Put the word “Giro” into any well known search engine and you’re likely to pull up results for the Giro d’Italia. The Giro is the annual bicycle race held primarily in Italy with little dips into neighbouring countries.
The word in the UK has different and specific connotations. It refers to an electronic payment system that allows a person to make a direct payment from one bank account to another. The word stems from the Italian “giro” which means “circulation”. The things going round this time, though, are not wheels but money.
In October 1968, Prime Minister Harold Wilson officially opened Girobank as “the people’s bank”, or the National Giro as it was first known. Girobank provided free banking and credit transfer and the Post Office operated it. Girobank was part of a Labour Government initiative to provide banking facilities for the “unbanked” — people who did not have bank accounts.
There were quite a few of those. Not everyone could afford a bank account. In the 1960s, if you had a bank account, you paid for it. Plus, you could only get an account with a bank if you were vouched for by other customers.
Those who were particularly likely not to have bank accounts were people on Government benefits. These days, we use electronic transfers for payments. Back then, the fortnightly “Giro” was the normal way of distributing benefit money. You got your Giro — technically your Girocheque — which you could exchange at your local Post Office for cash.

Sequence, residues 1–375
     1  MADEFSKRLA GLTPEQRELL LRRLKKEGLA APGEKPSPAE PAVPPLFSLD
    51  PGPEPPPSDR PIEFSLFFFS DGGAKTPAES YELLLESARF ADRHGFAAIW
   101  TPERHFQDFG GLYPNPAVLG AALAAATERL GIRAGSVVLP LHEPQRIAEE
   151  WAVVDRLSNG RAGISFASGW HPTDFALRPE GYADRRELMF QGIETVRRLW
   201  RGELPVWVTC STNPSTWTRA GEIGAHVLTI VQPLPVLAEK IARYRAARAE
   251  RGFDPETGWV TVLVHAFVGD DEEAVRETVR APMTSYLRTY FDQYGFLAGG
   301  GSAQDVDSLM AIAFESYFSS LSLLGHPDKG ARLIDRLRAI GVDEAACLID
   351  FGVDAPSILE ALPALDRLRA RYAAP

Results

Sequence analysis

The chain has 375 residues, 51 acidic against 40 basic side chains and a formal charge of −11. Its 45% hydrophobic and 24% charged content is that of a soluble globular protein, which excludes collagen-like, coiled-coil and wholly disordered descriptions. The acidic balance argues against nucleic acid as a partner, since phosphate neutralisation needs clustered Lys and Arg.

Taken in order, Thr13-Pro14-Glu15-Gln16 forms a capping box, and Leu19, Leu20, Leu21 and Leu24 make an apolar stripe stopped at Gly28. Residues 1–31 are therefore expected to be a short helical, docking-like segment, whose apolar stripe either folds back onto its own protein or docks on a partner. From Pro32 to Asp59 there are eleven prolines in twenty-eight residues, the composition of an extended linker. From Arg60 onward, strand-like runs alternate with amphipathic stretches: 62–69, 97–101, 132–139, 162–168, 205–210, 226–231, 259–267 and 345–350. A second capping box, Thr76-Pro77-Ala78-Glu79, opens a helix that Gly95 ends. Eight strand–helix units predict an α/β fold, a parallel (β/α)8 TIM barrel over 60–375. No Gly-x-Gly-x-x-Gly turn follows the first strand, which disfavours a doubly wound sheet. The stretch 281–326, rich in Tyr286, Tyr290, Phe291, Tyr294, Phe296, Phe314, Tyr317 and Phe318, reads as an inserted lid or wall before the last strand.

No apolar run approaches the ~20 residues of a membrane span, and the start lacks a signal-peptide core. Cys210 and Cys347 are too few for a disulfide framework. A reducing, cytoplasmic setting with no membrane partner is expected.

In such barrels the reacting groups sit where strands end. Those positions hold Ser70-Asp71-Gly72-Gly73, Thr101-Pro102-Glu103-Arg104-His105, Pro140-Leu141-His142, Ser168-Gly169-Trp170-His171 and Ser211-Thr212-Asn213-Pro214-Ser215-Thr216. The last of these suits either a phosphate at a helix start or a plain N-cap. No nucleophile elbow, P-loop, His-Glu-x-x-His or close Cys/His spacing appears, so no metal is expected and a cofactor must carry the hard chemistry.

This led to the birth of the queues of pensioners and the unemployed in Post Offices cashing their Giros. The term Giro gradually became associated with the poor, the downtrodden, and the dependent. Not a great look for a bank.
So what did Margaret Thatcher’s Tory government do in 1989? Privatised it. Sold Girobank to the Alliance & Leicester Building Society. In 2003, the Girobank brand disappeared after 35 years.
In May 2010, Grupo Santander acquired Alliance & Leicester, so that name has gone, too.
The plucky little giro lives on in the printed instruction to a bank which tells the bank to pay some money into a specific account. You most often find the words “bank giro credit” on the tear-off strips on your telephone, water, and other bills. The words are accompanied by the “money mark logo” for no reason I can discern. The payslip also needs to be accompanied by the requisite amount of cash or a cheque, of course.
Yet the Giro as a symbol of the 1980s era of mass unemployment, where people waited from one dystopian fortnight to another for their cash to arrive and survive, is fading. Works such as the film Waiting for Giro and James Kelman’s collection of short stories Not Not While the Giro become just that little bit more incomprehensible.
Let’s smother a parrot. Language always moves on.